NEW YORK — An innovative park raised 30 feet above the streets of Manhattan stretches nearly a 1.5 miles, with wild prairie grasses waving in the breeze. Paralleling the Hudson River, it’s built on a former elevated railroad track that, from 1934 to 1980, carried freight along Manhattan’s West Side. Meat to the meatpacking district, agricultural goods to the factories and warehouses, mail to the Post Office.
Think of it as a cosmopolitan railroad trestle. Call it the High Line. Walk it at sunset, when the visual stimulation of New York fades to black and a multitude of white lights reflect off the river, and the interiors of glass-box condos come into view.
Grab a table near the 14th Street staircase. Have coffee and stare out at the river. Meander down the path and notice the faintly acrid smell of the plants.
Stop and investigate the public art. Sit down again on a bench that overlooks 26th Street and gaze at the bustle below.
There’s nothing exactly like the High Line. Except maybe a converted viaduct in Paris known as Promenade Planté. Other cities, however, are beginning to emulate the idea — and perhaps Atlanta might want to take notice. “Jeopardy!” has. The High Line recently rated a mention in the form of a question on the popular TV game show.
Take a tour with us.
New York City’s High Line, owned by the city and tended by the Friends of the High Line, stretches between Gansevoort and West 30th streets. It’s accessed via stairways and elevators at nine points and is fully wheelchair accessible. Just north of 14th Street, the path curves and splits into two levels. On the upper level, visitors can wade in a stream of water, weather permitting. Lounge chairs line the area in season, and food vendors offer everything from java to barbecue.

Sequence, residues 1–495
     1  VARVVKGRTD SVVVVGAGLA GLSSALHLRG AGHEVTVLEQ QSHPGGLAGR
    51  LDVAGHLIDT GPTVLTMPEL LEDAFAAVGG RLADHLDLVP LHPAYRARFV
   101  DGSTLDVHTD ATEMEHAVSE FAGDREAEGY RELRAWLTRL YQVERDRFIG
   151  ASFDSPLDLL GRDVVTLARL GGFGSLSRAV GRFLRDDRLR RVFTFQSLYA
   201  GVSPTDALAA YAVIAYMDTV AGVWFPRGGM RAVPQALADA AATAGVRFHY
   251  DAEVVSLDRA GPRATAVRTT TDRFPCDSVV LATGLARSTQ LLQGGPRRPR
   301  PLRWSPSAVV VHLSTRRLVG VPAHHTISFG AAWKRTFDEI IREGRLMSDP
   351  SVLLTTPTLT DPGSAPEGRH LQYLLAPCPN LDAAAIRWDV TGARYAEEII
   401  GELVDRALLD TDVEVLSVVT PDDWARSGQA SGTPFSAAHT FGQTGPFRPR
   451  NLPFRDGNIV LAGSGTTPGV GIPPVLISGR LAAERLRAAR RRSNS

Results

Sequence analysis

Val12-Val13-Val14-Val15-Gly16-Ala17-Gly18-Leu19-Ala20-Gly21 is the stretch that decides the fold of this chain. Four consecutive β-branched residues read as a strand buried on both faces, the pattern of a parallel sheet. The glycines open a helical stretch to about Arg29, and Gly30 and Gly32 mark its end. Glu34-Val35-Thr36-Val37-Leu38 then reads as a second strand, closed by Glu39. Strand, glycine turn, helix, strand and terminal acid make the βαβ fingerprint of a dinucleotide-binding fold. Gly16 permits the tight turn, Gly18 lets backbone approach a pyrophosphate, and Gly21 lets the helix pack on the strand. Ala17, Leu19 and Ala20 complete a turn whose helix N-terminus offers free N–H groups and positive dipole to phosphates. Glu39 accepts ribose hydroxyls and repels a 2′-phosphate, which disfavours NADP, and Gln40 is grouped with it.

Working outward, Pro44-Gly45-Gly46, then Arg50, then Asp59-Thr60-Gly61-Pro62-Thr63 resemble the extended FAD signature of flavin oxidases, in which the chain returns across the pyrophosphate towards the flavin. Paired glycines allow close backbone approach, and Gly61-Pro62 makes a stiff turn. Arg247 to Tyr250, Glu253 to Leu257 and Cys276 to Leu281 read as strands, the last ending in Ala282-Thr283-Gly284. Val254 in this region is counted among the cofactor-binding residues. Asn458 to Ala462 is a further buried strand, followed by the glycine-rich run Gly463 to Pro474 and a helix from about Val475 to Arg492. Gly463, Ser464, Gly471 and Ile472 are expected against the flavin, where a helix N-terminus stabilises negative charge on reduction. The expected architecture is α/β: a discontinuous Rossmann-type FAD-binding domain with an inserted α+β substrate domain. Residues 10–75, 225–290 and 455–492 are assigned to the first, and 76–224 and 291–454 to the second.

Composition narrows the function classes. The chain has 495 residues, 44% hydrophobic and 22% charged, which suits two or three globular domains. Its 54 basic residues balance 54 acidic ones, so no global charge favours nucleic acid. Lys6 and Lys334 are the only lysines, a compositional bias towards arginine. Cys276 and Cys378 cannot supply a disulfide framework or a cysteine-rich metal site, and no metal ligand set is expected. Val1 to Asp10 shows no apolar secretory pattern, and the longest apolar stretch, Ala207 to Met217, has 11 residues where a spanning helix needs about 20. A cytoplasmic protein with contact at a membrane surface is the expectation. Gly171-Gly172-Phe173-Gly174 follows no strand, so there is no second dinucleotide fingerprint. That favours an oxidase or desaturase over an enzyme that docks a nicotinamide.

Scattered along the High Line is public art that question the conventions of public monuments and who they honor. The sculptures includes representations of Colin Powell, a meditative woman, a liquor store attendant and a satyr dressed in a kilt. The side of one building features a monumental tattered tapestry of tin and glass. Called Broken Bridge II, it’s meant to represent the fabric of the city.
The path also passes between magnificent glass buildings designed by Frank Gehry and Jean Nouvel.
At West 20th Street, redbud and holly trees rise along the walkway. Even farther, a canopy of sumac and magnolia trees creates an arch.Then the prairie landscape returns, with hardy grasses and wildflowers growing between the original railroad tracks.
Part of the charm of the High Line is the contrast between a peaceful, contemplative landscape and the frenetic streets below. Climb a staircase, step closer to the sky and the pace of life changes. Anyone who’s spent much time wandering railroad tracks in the countryside might be amused at this urban effort to re-create the weeds found there. But the High Line is a designed landscape with a carefully created beauty. It’s hard to come away without admiring the accomplishment.
Stell Simonton is an Atlanta freelance writer whose work is found in the Christian Science Monitor, The Atlanta Journal-Constitution and Atlanta Parent, among other publications. She is a member of the Artist Conference Network